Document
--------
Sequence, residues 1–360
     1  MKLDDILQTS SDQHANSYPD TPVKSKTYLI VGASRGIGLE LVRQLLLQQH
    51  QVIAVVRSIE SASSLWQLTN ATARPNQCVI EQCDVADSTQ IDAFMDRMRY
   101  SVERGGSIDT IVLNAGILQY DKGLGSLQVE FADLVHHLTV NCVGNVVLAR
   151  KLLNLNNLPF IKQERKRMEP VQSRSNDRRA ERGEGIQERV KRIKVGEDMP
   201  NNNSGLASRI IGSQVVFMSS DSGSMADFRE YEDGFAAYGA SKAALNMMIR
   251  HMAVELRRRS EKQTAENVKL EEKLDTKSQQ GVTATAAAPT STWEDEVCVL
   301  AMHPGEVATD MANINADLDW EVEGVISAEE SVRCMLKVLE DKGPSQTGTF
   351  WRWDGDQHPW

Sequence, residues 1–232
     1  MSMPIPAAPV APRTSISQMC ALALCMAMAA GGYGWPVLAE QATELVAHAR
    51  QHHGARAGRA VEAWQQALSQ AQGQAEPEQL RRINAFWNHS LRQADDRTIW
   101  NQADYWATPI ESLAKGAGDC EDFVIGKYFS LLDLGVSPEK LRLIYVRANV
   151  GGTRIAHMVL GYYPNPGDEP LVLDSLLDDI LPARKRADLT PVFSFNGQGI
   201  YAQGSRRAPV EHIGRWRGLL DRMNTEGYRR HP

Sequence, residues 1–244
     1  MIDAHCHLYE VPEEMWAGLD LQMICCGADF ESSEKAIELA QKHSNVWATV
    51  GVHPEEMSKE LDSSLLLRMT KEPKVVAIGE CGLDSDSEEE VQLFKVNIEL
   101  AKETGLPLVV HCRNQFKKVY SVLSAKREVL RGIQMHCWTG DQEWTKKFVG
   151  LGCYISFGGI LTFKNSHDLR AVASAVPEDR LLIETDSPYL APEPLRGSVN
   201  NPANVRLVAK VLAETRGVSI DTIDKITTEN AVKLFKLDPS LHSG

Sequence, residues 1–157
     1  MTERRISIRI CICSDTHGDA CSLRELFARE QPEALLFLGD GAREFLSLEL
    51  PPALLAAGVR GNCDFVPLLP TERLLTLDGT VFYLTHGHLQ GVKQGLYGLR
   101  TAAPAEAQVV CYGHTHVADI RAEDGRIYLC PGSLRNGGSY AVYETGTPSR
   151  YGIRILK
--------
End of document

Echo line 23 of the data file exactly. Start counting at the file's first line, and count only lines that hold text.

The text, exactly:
     1  MTERRISIRI CICSDTHGDA CSLRELFARE QPEALLFLGD GAREFLSLEL